“We Evens were a well-fed lot
           and tough, so that the little patched
                and scrawny Odds would never dare.”
 On more universal term the meaning of the poem seems to be that wars are not fought on equal terms. It is one party, the more powerful that chooses the ground and makes the rules and plays the game, not for war but for peace.
 Patrick Fernando is another famous Sri Lankan poet, whose writings contributed to display Sri Lankan reality and to the exploration of human potentiality. He wrote with a certain confidence. We see a vivid imagination working through his poems. That has a peculiar originality of its own. In point of actual achievement, Patrick Fernando is one of the most talented poets belonging to the period after 1956. He is not exclusively Sri Lankan or Western. His poems can be read by anyone anywhere as they have a universal appeal. Suresh Canagarajah introduces Patrick Fernando’s poetry represent the dominant ethos of Sri Lankan English poetry. [Canagarajah, 1995] He is a native writer and deals with themes typically native in the West coast of Sri Lanka.
 Patrick Fernando in his poem Fisherman Mourned by His Wife draws a realistic picture of the hardships of their lives. Most of his imageries are drawn from the sea.  
“…not yet tanned…you in old boat brown”
The line shows how fisherman is conditioned by the life he leads. Next, the narrator analyses the nature of their marriage. It is a union arranged by their elders. She recalls the first days of their marriage and its consummation while his chastity and inexperience in sex are revealed. Their love blossomed forth after marriage.  The relationship portrayed reflects the typical native ethos. And also, both fisherman and his wife’s characters represent folk culture of Sri Lanka. Moreover, Suresh Canagarajah depicts his ideas about their relationship as follows;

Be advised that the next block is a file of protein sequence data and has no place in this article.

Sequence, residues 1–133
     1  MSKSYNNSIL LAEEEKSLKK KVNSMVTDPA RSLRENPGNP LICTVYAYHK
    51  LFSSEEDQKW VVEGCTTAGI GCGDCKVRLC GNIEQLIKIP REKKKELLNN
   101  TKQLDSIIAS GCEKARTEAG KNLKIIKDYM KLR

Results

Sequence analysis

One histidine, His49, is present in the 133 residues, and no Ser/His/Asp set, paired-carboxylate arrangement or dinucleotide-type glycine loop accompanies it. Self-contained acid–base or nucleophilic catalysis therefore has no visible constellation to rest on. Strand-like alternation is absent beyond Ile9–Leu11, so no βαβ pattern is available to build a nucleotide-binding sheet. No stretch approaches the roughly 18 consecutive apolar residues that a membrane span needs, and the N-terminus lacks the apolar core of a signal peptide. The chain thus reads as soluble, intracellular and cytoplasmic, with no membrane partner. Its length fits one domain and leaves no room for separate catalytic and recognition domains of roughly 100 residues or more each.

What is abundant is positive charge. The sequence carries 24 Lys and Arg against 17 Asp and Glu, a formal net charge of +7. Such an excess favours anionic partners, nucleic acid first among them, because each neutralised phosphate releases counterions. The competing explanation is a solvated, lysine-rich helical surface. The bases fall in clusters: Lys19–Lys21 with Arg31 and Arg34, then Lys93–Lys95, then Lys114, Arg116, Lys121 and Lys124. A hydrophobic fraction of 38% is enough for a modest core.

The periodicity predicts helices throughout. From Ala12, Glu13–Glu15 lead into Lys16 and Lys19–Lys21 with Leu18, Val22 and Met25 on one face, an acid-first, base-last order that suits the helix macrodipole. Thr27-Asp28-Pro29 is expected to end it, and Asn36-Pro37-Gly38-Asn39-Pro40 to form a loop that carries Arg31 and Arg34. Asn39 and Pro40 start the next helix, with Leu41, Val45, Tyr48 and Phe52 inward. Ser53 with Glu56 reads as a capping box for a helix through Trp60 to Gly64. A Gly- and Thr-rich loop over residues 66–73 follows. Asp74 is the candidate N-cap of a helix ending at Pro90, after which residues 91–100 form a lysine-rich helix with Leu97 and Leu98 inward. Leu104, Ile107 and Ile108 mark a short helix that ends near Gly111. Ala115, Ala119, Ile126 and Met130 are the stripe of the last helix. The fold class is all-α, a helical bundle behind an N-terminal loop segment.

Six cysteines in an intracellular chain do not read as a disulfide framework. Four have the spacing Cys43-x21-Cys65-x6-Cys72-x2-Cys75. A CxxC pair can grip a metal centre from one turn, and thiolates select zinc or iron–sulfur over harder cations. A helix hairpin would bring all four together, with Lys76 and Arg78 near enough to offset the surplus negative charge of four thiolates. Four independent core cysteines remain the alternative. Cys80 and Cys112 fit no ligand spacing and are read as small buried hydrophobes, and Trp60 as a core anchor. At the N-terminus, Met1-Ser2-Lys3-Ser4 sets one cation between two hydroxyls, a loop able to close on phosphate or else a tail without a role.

“Fernando succeeds to a great extent in capturing the specificity of the relationship of the fisherman and his wife as a conservative arranged marriage. However, he goes beyond simple stereotypes to show how the relationship blossoms into deep understanding- and love. He also evokes the psychological complexities in the emotions and attitudes of the partners, which depict the relationship as humanity alive.” [Canagarajah, 1995]